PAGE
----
Adherence to the USPSTF Colorectal Cancer Screening Recommendation in the United States
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AbstractTimely screening for colorectal cancer (CRC) can reduce CRC-related mortality by detecting the tumor at an early curable stage. The United States Preventive Services Task Force (USPSTF) recommends screening for CRC starting at age 50 and continuing until age 75, with blood stool test performed every one or two years, sigmoidoscopy every five years, and colonoscopy every ten years. The Healthy People 2020 targets 70.5% of Americans to have received CRC screening by 2020, based on the most recent guidelines. This study assessed the prevalence and likelihood of fully meeting the USPSTF recommendation for CRC screening among individuals aged 50 to 75 in the United States. We analyzed the 2018 Behavioral Risk Factor Surveillance System (BRFSS) dataset and utilized the Chi square test and binary logistic regression method. A total of 201,691 individuals were included in the study. The overall prevalence of those who fully met the screening recommendation was 72.1% (N= 145,347). Individuals older than 50-59 years, that were females, of black ethnicity, in a couple relationship, with high school or greater than high school education, earning $25,000 or more annually, and having insurance coverage, were more likely to meet the screening recommendation. Overall, the majority of adults (72.1%) have met the CRC screening recommendation, and have surpassed the goal of the Healthy People 2020, targeting 70.5% of Americans to have received CRC screening by 2020. However, differences persist in the rates of CRC screening based on socio-economic characteristics. More effort to promote screening among disadvantaged groups is warranted.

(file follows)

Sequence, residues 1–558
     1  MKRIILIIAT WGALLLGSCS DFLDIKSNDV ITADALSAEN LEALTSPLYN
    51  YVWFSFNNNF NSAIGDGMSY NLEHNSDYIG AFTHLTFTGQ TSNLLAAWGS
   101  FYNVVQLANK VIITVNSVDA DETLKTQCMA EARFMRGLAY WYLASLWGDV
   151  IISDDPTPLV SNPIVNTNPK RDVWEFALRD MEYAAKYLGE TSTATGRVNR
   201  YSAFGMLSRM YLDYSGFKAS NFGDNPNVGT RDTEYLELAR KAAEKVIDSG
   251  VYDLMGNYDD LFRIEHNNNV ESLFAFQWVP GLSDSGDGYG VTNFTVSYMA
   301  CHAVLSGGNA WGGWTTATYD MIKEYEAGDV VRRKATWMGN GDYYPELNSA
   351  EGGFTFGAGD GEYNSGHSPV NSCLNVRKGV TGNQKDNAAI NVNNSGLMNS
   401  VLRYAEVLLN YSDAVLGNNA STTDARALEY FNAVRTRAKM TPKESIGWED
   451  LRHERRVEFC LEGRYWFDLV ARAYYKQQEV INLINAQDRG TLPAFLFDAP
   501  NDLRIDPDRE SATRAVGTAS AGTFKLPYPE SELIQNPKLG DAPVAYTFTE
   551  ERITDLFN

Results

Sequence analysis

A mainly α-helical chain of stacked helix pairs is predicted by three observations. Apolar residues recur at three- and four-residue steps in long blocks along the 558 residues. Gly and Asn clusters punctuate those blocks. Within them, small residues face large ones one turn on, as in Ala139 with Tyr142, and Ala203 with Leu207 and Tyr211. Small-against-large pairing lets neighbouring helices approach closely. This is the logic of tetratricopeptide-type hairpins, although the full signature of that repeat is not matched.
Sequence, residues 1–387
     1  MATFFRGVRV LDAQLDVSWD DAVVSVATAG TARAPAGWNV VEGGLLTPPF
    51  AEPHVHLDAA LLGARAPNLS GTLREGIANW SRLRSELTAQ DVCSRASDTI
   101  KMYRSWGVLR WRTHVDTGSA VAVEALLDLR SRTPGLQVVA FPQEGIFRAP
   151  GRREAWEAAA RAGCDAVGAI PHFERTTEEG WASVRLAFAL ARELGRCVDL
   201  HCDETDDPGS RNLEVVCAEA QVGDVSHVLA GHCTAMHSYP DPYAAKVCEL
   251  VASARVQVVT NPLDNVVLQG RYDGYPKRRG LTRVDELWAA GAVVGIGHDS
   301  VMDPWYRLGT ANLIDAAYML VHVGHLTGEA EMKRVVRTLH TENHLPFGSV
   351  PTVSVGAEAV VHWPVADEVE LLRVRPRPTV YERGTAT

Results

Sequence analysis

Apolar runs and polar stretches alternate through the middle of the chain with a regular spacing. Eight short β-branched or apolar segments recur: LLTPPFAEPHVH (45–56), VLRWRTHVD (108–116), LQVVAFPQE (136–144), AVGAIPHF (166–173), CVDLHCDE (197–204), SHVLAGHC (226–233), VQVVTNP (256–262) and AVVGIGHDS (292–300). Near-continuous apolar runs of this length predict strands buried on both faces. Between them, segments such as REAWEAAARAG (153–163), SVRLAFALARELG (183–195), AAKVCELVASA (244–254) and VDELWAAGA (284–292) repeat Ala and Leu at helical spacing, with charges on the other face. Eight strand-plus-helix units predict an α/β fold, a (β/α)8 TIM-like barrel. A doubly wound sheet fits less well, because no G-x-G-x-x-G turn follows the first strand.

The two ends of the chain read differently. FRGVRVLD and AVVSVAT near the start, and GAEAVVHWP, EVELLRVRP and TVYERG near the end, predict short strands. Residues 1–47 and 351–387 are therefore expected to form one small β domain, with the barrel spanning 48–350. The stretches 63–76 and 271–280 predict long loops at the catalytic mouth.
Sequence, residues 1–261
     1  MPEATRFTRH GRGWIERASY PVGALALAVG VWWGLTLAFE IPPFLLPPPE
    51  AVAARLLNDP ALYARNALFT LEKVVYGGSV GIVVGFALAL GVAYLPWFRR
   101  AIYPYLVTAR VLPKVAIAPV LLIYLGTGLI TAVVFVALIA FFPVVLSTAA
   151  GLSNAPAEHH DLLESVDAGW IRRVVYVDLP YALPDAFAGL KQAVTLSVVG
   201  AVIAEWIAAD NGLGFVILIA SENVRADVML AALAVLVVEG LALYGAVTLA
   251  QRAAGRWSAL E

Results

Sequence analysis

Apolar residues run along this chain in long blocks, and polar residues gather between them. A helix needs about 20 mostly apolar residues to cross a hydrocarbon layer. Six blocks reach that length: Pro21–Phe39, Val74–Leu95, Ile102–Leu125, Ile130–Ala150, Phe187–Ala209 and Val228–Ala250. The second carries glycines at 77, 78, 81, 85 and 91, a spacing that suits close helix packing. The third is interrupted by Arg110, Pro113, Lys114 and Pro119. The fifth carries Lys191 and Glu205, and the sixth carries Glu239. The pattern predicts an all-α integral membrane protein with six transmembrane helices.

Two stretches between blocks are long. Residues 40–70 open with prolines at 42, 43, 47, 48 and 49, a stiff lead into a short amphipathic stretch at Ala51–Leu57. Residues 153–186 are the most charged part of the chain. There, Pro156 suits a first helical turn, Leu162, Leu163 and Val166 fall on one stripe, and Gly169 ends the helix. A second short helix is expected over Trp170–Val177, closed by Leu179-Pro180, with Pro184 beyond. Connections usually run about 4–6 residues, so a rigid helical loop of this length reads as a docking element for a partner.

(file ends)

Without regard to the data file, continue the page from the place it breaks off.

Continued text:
AffiliationInstitute of Public and Preventive Health
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